GOP lawmakers seek answers from Sebelius regarding CLASS Act

Last week, a report from a Republican working group revealed that administration officials, in the rush to pass Obamacare, ignored internal warnings from government experts about the fiscal sustainability of a long-term care insurance entitlement program included in the health reform law. Throughout the health care debate, officials within the Centers for Medicare and Medicaid Services, as well as the Health and Human Services Department, repeatedly warned that the CLASS Act would be a fiscal disaster. Yet, the final version of Obamacare not only included the CLASS Act; it even counted CLASS as a cost-saving measure.

Now, the Republicans behind the report want to know how high the warnings reached: Was HHS Secretary Kathleen Sebelius, for example, aware of the concerns about CLASS even before Obamacare passed? Amid rumors the administration might reassign CLASS personnel or close the CLASS office entirely, they also want to know what the administration plans to do moving forward to ensure — if the CLASS program is, in fact, implemented — that the program is sustainable.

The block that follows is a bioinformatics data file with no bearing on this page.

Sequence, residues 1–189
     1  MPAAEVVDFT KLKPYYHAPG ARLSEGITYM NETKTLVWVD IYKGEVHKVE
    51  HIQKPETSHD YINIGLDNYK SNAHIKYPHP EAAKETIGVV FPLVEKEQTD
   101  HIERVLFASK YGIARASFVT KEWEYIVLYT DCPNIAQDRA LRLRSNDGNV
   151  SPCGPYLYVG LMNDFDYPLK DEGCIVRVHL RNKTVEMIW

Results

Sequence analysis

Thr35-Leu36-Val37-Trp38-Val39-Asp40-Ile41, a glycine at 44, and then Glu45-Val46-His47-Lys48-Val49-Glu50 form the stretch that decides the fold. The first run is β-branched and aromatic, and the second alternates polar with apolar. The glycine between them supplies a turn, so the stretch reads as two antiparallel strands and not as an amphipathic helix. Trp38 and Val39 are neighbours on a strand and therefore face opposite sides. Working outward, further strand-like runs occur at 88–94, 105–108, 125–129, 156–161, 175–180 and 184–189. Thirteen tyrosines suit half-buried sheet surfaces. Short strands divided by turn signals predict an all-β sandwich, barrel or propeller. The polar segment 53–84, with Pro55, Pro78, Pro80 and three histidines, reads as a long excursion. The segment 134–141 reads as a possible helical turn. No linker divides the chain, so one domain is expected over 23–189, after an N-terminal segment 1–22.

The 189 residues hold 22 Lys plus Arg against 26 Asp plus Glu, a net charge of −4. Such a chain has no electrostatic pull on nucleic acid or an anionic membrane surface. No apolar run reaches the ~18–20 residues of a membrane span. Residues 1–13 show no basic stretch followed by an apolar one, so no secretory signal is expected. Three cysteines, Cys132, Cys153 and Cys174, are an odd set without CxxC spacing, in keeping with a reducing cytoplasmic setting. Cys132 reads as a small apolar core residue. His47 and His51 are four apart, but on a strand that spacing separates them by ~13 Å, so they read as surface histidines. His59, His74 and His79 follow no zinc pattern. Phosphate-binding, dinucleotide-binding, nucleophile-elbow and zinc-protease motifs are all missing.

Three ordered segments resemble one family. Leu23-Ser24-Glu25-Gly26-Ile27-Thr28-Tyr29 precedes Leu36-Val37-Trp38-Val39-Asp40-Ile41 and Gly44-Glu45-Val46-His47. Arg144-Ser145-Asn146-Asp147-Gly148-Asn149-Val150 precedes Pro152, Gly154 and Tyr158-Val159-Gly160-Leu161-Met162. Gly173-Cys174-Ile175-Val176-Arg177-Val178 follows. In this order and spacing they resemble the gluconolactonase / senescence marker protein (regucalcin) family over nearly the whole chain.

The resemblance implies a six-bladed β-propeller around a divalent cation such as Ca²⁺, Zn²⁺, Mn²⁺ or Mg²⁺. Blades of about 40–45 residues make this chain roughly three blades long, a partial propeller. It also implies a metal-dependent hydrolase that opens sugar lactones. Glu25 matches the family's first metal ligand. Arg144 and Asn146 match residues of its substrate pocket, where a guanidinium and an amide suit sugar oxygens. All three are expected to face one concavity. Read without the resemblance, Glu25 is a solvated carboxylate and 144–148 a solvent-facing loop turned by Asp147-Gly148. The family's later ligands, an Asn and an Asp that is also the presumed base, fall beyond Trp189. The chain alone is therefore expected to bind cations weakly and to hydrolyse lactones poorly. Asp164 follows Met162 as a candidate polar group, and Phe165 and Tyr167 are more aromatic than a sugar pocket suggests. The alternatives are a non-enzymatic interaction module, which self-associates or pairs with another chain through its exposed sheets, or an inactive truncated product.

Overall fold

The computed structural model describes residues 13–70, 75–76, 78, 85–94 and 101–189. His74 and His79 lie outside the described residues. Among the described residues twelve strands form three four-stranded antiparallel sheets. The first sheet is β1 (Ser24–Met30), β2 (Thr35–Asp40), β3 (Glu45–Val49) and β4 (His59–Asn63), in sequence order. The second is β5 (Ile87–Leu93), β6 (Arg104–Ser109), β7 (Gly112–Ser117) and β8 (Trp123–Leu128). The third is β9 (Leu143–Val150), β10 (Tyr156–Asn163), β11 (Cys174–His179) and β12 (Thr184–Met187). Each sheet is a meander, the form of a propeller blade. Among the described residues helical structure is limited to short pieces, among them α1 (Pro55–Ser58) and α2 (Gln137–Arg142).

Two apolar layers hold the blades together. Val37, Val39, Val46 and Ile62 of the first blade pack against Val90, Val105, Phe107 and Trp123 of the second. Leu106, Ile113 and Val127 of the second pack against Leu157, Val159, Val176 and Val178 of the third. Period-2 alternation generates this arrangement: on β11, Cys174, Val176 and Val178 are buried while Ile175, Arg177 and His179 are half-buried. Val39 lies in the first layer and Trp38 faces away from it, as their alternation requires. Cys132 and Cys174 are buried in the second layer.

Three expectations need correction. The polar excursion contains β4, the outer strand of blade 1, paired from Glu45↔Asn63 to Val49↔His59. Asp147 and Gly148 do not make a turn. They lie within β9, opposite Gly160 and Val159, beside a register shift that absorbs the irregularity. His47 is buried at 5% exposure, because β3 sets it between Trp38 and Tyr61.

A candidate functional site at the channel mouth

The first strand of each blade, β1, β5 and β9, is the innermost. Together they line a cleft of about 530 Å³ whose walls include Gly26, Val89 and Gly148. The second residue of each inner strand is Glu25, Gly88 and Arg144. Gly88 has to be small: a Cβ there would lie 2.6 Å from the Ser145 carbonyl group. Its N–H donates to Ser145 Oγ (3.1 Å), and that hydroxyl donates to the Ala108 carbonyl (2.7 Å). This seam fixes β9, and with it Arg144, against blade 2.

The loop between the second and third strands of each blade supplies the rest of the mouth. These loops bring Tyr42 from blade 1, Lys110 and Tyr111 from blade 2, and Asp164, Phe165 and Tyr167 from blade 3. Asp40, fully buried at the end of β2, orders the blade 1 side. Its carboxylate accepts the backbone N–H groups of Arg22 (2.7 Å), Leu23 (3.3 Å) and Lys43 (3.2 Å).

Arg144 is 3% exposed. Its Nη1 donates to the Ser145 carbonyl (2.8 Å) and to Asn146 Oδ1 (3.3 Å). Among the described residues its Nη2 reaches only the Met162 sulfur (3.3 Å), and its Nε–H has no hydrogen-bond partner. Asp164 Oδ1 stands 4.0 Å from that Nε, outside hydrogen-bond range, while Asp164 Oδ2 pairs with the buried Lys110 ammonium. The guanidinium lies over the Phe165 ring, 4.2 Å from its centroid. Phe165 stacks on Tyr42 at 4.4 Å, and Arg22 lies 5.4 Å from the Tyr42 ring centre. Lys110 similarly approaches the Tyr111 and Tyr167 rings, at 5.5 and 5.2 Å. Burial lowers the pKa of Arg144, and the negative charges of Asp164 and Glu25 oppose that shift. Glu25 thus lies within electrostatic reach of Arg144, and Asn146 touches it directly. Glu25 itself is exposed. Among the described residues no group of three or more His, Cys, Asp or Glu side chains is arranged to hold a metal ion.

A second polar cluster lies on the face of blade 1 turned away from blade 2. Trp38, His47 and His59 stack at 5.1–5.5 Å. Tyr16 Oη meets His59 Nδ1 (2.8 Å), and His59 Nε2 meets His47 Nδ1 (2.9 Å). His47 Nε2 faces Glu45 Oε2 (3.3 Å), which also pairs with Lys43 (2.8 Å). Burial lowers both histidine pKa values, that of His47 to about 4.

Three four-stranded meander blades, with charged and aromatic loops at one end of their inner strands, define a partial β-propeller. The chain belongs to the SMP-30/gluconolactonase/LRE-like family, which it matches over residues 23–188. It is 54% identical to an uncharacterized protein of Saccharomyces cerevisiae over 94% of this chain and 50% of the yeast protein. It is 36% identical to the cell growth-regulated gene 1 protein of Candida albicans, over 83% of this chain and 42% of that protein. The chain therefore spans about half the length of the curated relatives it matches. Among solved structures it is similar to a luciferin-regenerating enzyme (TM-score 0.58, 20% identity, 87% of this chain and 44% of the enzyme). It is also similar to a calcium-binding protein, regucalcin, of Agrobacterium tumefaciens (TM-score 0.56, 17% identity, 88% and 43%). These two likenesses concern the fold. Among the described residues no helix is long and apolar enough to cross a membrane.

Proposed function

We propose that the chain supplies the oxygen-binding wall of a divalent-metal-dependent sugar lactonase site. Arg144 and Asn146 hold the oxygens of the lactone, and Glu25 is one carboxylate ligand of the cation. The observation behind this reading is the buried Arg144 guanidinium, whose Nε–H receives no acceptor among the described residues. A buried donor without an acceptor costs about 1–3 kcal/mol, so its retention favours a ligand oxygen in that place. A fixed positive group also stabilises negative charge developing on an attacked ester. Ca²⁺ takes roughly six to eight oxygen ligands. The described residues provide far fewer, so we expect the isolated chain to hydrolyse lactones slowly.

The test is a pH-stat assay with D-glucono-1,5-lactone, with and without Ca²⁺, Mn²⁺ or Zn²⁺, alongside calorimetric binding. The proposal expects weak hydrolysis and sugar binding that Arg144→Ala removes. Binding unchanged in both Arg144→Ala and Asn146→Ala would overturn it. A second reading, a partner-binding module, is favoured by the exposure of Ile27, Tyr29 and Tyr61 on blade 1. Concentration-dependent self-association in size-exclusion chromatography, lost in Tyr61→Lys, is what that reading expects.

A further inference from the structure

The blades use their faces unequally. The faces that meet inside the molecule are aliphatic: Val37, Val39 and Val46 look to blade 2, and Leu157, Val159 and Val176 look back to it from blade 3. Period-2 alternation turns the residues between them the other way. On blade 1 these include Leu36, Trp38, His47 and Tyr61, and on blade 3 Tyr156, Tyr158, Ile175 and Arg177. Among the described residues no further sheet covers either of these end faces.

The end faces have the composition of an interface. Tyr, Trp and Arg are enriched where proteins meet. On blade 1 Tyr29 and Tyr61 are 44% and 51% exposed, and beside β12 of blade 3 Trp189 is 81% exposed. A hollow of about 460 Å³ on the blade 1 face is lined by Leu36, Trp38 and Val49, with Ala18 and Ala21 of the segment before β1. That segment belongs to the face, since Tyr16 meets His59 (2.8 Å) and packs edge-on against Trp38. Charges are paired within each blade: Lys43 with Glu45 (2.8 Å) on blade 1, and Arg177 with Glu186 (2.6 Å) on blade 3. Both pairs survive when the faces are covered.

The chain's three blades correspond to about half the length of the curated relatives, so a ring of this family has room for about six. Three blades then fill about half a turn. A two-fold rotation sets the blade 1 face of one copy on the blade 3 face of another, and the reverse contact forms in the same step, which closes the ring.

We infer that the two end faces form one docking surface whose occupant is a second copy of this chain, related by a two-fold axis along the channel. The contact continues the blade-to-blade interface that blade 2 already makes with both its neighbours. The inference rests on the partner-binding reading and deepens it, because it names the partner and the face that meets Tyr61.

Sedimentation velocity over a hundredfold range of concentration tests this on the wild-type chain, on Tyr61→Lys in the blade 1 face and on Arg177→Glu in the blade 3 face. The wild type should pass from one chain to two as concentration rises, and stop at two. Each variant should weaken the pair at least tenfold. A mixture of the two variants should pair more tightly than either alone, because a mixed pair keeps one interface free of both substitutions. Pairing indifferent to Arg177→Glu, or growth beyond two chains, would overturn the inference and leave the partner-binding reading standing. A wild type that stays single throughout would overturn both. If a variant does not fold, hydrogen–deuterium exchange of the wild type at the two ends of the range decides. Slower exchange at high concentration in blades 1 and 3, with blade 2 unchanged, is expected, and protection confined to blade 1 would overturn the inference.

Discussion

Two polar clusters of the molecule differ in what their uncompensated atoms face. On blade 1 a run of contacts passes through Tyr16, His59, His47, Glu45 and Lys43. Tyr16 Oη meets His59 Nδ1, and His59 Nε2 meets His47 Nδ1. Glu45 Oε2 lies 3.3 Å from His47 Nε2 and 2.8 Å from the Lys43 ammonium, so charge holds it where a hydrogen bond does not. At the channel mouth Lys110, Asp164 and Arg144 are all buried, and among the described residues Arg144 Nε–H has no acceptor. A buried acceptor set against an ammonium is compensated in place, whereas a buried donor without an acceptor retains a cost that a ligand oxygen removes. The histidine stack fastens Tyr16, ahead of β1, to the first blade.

To that end, House Oversight Committee Chairman Darrell Issa (R-Calif.) and House Energy and Commerce Committee Chairman Fred Upton (R-Mich.), along with key drivers Sens. Jeff Sessions (R-Ala.), John Thune (R-S.D.) and others, today sent a letter to Sebelius asking her to clarify how many people have been reassigned or asked to leave the CLASS office, to put forward a plan to make CLASS sustainable if the program is going to be implemented and to divulge when concerns about CLASS were first made known to her and what steps she took to address them.